Outside The Box Thinking
If there was ever someone who believed the saying “one man’s trash is another man’s treasure” it is Brazilian-born designer Domingos Tótora. Tótora, who studied design in São Paulo before settling in his home city of Maria da Fé, sees discarded cardboard as the raw material of beauty. Inspired by his city’s natural undulating landscape, waterways and rock formations, he reconstitutes discarded boxes and creates sensuous sculptural furniture and objects for the home industry.
What makes the designer’s work even more fascinating is the process that he has developed to create his labor intensive curvilinear works.
“Design should emulate the cycle of life,” says Tótora.
His processes begins by reducing the discarded cardboard into pulp—its earlier state—blending it with soil and water, hand sculpting it into forms and finally baking it in the natural sunlight.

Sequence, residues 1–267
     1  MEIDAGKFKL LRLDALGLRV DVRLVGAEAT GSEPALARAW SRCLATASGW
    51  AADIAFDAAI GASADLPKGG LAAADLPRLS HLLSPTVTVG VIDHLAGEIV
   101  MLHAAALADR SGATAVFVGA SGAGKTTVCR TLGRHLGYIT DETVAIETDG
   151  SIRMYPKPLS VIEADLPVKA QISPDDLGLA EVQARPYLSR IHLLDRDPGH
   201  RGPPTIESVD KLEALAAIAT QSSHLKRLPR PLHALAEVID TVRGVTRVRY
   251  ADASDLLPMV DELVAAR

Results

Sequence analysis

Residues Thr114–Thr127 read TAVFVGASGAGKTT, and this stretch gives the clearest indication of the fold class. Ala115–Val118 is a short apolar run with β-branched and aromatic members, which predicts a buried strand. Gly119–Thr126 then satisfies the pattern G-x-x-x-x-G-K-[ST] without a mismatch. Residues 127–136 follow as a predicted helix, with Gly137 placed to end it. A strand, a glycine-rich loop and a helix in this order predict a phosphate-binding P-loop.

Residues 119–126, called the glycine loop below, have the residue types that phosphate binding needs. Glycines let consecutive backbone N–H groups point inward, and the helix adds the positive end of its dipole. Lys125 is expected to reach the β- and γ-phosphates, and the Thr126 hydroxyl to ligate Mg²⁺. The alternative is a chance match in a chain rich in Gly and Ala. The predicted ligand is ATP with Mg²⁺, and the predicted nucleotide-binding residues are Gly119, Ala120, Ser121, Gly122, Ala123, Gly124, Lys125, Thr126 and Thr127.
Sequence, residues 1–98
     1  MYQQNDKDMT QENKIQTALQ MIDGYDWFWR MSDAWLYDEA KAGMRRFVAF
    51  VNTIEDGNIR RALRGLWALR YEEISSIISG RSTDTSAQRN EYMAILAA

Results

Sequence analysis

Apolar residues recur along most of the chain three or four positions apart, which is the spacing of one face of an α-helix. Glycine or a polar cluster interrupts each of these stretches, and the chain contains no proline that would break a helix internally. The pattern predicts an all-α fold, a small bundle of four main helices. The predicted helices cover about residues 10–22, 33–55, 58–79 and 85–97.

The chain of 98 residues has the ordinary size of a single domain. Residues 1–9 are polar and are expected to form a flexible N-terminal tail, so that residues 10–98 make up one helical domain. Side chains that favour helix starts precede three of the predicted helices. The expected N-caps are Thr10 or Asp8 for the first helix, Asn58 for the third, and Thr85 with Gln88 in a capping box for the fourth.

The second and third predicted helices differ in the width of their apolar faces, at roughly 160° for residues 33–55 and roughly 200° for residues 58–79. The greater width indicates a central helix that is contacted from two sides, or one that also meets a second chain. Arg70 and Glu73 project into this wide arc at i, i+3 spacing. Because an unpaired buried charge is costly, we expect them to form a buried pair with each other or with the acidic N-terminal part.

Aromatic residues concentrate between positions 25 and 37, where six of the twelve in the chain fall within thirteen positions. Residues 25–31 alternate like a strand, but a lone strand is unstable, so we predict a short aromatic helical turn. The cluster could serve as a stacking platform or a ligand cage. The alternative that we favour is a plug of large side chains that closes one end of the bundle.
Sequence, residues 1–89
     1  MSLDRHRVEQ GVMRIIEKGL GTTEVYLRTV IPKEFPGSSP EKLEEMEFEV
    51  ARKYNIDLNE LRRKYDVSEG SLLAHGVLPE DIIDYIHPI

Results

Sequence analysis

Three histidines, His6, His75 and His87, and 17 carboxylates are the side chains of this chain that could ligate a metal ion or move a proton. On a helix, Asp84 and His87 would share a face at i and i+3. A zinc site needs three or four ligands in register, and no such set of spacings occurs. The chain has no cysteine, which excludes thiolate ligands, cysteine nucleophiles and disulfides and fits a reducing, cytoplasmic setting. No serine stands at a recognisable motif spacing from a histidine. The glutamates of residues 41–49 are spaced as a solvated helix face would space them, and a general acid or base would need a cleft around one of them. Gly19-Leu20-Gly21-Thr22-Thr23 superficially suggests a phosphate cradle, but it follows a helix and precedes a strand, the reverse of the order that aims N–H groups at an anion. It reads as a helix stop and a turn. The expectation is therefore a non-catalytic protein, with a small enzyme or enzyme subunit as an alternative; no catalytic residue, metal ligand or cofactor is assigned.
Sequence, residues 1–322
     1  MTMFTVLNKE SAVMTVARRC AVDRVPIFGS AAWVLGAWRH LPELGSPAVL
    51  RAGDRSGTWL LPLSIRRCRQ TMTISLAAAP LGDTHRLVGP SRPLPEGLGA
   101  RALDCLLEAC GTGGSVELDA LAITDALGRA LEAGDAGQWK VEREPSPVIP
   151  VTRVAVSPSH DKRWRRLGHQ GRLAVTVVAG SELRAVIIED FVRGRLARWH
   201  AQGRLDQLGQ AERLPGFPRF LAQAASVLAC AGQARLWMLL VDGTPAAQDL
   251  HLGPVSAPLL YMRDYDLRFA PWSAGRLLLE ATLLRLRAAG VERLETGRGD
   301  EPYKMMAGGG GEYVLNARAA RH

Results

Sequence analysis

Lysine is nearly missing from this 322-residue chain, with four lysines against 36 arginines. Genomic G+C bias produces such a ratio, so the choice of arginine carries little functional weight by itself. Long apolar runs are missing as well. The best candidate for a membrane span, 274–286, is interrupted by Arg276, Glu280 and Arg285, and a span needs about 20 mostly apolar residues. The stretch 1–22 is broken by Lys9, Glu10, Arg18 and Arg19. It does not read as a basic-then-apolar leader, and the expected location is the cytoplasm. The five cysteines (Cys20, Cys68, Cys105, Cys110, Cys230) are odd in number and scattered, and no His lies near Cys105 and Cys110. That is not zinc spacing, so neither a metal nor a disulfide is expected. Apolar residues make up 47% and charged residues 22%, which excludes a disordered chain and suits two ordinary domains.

“The work travels the full circle of earth, water and sun”, he shares.
1. Cardboard is gathered near the end of its functional process and reduced to pulp
2. It is crushed and formed in “pods.”
3. Then blended with soil and water and baked under the sun.
4. It then is used as “clay” but is of the cardboard pulp and soil.
5. It then is polished and smoothed.
EVEN MORE METHODS
Tótora environmentally conscious designs are now exclusively distributed in America by Sossego. Contact their showroom in Chicago or shop the designer’s work online at: http://sossegodesign.com